After DHL, FedEx Adopts Electrification For Its Fleet Of Trucks
It Is A Revolution In Commercial Shippingby Sidd Dhimaan, on
Electrified cargo vehicle can help much more than electric cars when it comes to conserving nature. A couple of months back, DHL and Ford joined hands to develop electric trucks that the former would be using its delivery fleet. This time, it is FedEx and Chanje doing the same thing by introducing electric vans.
Will These Vans Last Long?
Just last week, FedEx announced that it is planning to add 1,000 electric delivery vans to its fleet. These will be Chinese-built delivery vans manufactured by Los Angeles-based startup company, Chanje. Although the company is based out of L.A., the vans will be manufactured by its primary investor, FDG Electric Vehicles Ltd in Hangzhou, China.
A total of 100 of these vans will be outright purchases; while the remaining 900 vans will be leased through Chanje-partner Ryder System Inc.
These vans will be used for commercial and residential pick-up and delivery in California.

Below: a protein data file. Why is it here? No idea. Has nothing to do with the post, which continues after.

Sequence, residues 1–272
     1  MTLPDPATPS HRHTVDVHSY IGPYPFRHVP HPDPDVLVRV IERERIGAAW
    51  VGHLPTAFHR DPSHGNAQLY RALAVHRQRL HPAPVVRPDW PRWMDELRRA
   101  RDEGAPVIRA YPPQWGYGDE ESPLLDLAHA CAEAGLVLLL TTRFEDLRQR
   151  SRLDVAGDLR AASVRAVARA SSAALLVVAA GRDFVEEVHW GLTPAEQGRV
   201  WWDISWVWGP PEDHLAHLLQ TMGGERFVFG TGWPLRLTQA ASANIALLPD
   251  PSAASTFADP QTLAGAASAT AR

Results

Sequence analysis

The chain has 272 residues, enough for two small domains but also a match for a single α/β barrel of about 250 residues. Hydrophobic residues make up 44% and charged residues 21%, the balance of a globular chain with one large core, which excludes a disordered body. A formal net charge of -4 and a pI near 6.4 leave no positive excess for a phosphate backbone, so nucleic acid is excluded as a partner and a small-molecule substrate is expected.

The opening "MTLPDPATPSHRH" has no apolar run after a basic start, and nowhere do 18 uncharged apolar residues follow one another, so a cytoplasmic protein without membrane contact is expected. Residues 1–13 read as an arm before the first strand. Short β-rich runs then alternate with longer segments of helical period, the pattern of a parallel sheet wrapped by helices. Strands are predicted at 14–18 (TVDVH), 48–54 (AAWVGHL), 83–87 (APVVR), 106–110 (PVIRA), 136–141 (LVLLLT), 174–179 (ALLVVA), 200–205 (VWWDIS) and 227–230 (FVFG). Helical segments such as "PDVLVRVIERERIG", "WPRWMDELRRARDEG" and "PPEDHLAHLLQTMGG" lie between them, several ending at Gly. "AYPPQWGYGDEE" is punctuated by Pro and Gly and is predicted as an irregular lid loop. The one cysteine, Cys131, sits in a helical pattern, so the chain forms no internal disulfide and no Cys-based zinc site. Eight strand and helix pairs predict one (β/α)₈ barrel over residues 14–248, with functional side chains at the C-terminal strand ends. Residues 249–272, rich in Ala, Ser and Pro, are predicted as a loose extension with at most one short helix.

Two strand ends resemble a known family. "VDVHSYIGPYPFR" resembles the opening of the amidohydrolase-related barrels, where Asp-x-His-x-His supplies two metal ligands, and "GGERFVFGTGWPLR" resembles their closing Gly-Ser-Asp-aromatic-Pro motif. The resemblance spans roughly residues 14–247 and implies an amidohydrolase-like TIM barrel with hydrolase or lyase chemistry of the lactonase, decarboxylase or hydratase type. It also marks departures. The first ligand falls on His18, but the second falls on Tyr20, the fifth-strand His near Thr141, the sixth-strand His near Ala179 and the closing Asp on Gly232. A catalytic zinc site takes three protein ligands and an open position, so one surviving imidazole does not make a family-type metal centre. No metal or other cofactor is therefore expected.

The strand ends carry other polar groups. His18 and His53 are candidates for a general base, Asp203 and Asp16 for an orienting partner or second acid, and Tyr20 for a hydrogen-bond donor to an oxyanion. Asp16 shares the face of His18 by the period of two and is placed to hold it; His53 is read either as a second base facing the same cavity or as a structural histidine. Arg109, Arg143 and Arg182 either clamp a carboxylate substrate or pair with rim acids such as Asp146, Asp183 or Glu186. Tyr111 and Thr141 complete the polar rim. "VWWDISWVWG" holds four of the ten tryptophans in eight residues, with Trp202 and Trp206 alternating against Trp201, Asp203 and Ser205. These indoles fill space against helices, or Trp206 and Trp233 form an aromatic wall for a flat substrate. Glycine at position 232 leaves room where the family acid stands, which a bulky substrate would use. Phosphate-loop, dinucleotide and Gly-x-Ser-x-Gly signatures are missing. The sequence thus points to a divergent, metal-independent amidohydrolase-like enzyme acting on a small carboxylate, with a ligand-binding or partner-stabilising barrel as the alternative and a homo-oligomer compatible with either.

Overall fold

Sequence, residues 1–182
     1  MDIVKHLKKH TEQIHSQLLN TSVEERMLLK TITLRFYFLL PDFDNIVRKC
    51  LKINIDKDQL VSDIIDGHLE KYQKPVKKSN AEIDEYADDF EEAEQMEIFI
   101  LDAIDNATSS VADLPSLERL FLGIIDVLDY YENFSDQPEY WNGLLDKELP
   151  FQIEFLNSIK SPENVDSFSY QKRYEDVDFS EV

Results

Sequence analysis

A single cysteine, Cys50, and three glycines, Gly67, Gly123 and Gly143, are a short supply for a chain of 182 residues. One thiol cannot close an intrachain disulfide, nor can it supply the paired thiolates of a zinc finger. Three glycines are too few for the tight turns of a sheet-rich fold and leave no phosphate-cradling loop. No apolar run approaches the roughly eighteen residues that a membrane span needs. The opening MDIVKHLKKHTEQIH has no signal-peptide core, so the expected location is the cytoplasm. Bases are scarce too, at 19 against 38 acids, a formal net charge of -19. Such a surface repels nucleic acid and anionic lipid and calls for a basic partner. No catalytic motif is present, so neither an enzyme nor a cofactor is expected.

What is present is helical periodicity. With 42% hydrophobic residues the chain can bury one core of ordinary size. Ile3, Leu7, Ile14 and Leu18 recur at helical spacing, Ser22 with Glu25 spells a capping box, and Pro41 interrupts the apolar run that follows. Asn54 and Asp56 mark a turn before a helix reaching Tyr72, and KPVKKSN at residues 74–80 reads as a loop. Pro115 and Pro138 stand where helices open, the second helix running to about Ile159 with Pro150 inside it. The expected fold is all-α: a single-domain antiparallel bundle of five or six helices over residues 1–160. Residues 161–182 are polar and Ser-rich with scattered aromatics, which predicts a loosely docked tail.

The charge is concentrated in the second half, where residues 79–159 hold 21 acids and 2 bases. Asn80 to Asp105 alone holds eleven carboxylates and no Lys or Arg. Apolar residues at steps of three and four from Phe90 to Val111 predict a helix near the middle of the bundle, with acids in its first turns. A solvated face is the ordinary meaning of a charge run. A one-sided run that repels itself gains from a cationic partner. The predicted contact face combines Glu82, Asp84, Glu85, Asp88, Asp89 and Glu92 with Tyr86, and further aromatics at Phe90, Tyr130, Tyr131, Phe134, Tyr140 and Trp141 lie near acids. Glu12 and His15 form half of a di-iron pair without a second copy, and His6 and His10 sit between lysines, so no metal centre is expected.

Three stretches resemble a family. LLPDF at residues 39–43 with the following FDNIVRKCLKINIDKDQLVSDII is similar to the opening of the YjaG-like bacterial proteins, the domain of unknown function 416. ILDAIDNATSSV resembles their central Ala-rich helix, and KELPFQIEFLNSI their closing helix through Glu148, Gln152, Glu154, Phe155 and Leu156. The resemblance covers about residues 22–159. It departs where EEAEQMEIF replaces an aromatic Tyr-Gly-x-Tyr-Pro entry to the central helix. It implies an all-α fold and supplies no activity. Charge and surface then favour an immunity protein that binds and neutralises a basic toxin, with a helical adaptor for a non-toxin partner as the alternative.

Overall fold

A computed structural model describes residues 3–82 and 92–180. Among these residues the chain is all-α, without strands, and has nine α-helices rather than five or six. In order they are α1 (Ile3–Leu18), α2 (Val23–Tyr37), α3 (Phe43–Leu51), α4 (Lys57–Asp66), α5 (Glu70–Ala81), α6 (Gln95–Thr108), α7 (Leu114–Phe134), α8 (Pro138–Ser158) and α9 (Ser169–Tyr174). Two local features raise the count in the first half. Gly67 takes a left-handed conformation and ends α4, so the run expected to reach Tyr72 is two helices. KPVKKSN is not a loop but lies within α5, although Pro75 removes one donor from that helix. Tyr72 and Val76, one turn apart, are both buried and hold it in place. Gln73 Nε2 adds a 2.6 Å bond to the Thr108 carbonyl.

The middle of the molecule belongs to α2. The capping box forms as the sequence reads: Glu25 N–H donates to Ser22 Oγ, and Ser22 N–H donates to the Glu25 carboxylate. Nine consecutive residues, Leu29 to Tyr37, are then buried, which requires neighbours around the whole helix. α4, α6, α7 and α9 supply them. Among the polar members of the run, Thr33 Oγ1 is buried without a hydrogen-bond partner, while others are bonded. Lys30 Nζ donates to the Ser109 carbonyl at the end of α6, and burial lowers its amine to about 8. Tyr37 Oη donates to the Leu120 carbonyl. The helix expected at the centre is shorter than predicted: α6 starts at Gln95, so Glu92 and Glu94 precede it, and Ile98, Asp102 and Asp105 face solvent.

Been There, Done That
FedEx is not new to alternate fuel vans; it already has a few hydrogen cell delivery vehicles manufactured by Workhorse Group. By adding a 1,000 more zero-emission vehicles, FedEx is certainly setting a trend in the industry. The shipping company will also be saving on maintenance and fuel costs when compared to internal combustion vehicles. For the environment, this is a boon. These 1,000 noiseless, smokeless vans will take 1,000 internal combustion vans off the roads.
Coming to the Chanje vans’ capabilities, they can haul up to 675 cubic-feet and up to 6,000 pounds of goods.
The vans will be able to run for about 150 miles on a single charge. According to Chanje, most domestic delivery routes average about 65 miles in total, making it possible for their vans to run two days without charging them.
From a general standpoint, 1,000 electric vans seem like a big number, but this is teeny-bit when you consider that FedEx has over 60,000 vehicles in its fleet that deliver more than eight million packages every day! So, for a big fish like FedEx, 1,000 electric vans is a tiny investment, but for a startup like Chanje, it could change the way the company operates. This deal not only adds FedEx to their client-list but also helps build credibility that the company is game for bigger things. If Chanje can capitalize on this, it can mark its presence all over the world by getting into human mobility as well. What are your thoughts on this deal and these electric vans? Let us know your thoughts in the comments section below.
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